Due to the high optical quality and the absence of background signals the In Tune system performs surprisingly well even for thick samples. Fig. 2 shows autofluorescence FLIM images of a pig skin sample. The left image is 10 µm, the right image 40 µm from the top of the sample. Both images show the amplitude-weighted lifetime, tm, and the ratio of the amplitudes, a1/a2, of the lifetime components of a double exponential decay model.
Fig. 2: Pig skin sample, autofluorescence. Double-exponential fit, amplitude-weighted mean lifetime and amplitude ratio. 10 µm (left) and 40 µm (right) from the surface of the skin. HPM‑100‑40 hybrid detector, SPC‑150 FLIM module.
The multi-exponential decay parameters of autofluorescence decay, in particular amplitude ratios, have been shown to bear information about the metabolic state of the tissue [5, 6]. Fig. 2 shows that the In Tune system not only works in thick tissue, but also delivers biologically relevant information. The fluorescence decay in a selected pixel of Fig. 2, left, is shown in Fig. 3. The data quality is so good that even a triple-exponential analysis delivers reasonable results.
Fig. 3: Fluorescence decay in selected spot of Fig. 2. Triple-exponential analysis.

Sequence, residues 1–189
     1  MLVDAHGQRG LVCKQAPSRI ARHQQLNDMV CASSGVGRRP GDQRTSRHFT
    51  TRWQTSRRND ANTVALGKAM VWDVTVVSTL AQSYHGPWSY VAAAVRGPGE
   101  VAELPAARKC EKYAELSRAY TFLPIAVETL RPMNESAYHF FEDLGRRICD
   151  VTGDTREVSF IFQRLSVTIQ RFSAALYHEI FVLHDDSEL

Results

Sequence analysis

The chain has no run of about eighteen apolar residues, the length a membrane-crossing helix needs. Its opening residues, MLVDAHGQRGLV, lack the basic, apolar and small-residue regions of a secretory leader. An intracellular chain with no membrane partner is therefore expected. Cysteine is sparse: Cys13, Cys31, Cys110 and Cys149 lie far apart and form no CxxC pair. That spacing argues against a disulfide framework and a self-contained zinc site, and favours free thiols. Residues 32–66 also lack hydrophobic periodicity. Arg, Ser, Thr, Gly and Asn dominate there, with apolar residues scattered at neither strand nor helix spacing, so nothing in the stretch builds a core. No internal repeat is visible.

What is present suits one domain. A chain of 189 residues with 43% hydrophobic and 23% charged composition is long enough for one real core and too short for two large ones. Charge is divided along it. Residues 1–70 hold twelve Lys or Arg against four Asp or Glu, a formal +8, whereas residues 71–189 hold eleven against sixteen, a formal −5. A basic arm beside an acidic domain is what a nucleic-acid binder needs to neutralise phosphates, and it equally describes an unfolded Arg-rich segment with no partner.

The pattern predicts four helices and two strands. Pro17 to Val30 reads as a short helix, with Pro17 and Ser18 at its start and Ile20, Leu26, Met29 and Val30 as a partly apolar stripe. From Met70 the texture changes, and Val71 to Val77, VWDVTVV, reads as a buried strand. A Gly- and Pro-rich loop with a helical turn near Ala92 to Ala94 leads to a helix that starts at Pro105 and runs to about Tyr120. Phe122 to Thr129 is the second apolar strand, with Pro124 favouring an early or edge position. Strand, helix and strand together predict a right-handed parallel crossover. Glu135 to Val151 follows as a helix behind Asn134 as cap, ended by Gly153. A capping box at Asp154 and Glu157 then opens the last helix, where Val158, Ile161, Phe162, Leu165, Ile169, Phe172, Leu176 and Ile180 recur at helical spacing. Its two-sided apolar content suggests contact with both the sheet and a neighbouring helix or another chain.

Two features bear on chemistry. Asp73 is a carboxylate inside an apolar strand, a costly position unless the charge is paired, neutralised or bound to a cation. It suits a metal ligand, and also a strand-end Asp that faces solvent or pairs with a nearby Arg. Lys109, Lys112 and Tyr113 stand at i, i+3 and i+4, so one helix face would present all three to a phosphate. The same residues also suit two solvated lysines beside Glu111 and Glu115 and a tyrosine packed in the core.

The high optical quality, the spectral purity of the excitation, and the high efficiency of the optics and the hybrid detector make the LSM 710 In Tune FLIM also a good FCS system. An example is shown in Fig. 4. Because the HPM‑100 hybrid detectors are free of afterpulsing clean FCS is obtained down to 100 ns is obtained from a single detector [3, 4].
Fig. 4: FSC curve of Alexa 488 in water. bh HPM‑100‑40 GaAsP hybrid detector with bh Simple-Tau 150 FLIM system.
The clean response of the HPM‑100‑40 detector  in combination with the short pulse width of the In Tune laser makes gated FCS efficient in suppressing Raman signals. An example is shown in Fig. 5. The left recording is contaminated by Raman emission of the solvent. Because the Raman light has no fluctuations the correlation amplitude obtained is too small. In the right recording, the Raman light has been gated off by the SPC‑150 module of the FLIM system, and the correlation amplitude is obtained correctly.
Fig. 5: Gated FCS. Left: Ungated recording. The signal is contaminated by Raman emission from the solvent. Right: Raman component gated off. Decay curves normalised.
The In Tune FLIM systems deliver FLIM data at excellent sensitivity and spatial resolution. The systems deliver excellent images both for single cells and tissue layers as deep as 40 µm. FCS is obtained at high efficiency, and can be combined with time-gating to suppress Raman signals. Unfortunately the high performance comes at a price: The tunability range of the In Tune laser ends at 488 nm. The In Tune system therefore cannot be used to excite the cyan fluorescent proteins. These are currently the most frequently used donors in FLIM-based FRET measurements. Fortunately, a bh BDL SMC picosecond diode laser is available for the LSM 710 . We recommend to add this laser to make FLIM at shorter excitation wavelength possible.